Historic Aviation > Aviation History

Our own Australian Constellation restoration project


Lockheed Super Constellation VH-EAG - "Connie."

VH-EAG "Southern Preservation" is in fact the militarised version of Lockheed's famous range of Constellation aircraft which revolutionized air transport during the late 1940's and 1950's. It is similar to the Super Constellations used by Qantas during this period as their main long range passenger aircraft and pioneered their around-the-world service. This service was the first such trans global service in world airline history.

"Connie" as it is affectionately known, was originally built as a C-121C for the United States Air Force, serial number 54-0157, c/n 4176, and was delivered on the 6th of October 1955 when it was allocated to the 1608th Military Air Transport Wing based at Charleston, South Carolina. On the 25th July 1962 it was transferred to the Mississippi Air National Guard and on the 14th of February 1967 it moved on to West Virginia Air National Guard, where it served for the next five years. Connie's last active duty was with the Pennsylvania AIr National Guard from mid 1972 until its relegation to storage at Davis Monthan Air Base at Tucson, Arizona in June 1977.

This aircraft was identified as a possible restoration project in1991 after a thorough survey was taken of the airframe. the survey indicated that the airframe was very sound despite its lamentable condition.

Considered obsolete and of no further use, storage maintenance ceased in 1981 and as a result was designated of scrap value only. In addition most of the engine accessories and instruments had been cannibalised. Failure to re-seal the aircraft after an inspection permitted access to legions of birds to nest and foul the interior over many years. This in turn discouraged the scrap metal merchants from bidding on the aircraft due to the infestation of guano and the subsequent imperfections that it would cause in the smelting of the aluminium.

In November 1991, it a major project when 54-0157 was placed in our care for restoration and delivery to Australia. Relying solely on volunteer labour and aiming at a high standard of restoration and serviceability, the project was to take five years.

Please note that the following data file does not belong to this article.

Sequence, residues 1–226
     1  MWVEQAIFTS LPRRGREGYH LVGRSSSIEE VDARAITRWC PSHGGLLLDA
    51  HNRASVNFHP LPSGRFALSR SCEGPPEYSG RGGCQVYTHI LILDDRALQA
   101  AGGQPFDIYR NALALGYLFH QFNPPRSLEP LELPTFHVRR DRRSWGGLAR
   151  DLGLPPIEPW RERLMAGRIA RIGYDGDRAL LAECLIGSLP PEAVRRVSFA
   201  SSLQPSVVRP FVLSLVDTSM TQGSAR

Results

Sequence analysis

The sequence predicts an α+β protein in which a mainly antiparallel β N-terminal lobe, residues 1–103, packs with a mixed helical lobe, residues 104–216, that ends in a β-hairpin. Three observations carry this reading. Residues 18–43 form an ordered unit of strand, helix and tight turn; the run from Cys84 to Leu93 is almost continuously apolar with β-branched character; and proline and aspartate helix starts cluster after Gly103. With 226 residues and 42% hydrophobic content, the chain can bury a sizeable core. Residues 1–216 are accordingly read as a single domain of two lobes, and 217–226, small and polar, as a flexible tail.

The restoration work commenced in May, 1992 at Pima Air & Space Museum and in September, 1994 the Super Constellation took to the air after nearly eighteen years on the ground. Another solid year of work was required to prepare the aircraft for the Pacific crossing and in late 1995 final flight training was undertaken. On the 3rd of February 1996 the Super Constellation VH-EAG arrived in Sydney after an incident free crossing of 39.5 hours flying time. Stops on the delivery flight to Australia were made at Oakland, Honolulu, Pago Pago and Nadi.

The major difficulty in the restoration process was the need for the volunteers to continually travel to Tucson to carry out the restoration work, this was time consuming and costly. However the assistance given by both organisations and the countless individuals in the US and Australia eased the volunteers' burden and made the restoration process a rewarding experience.

Brief statistics on this project were:

16,000 man hours were expended on the project (all volunteered)
Some $800,000 in cash was raised
Approximately$1.2M was raised in sponsorship services
47 team trips were mounted, each averaging 14 days
38 hours of crew training was accomplished before the delivery flight


Was this the one that was at the Temora Museum??

Well it isn't listed there Grip. See site


The last time I saw it was at Tullamarine Airport in Melbourne. It's been there since it arrived in Australia.


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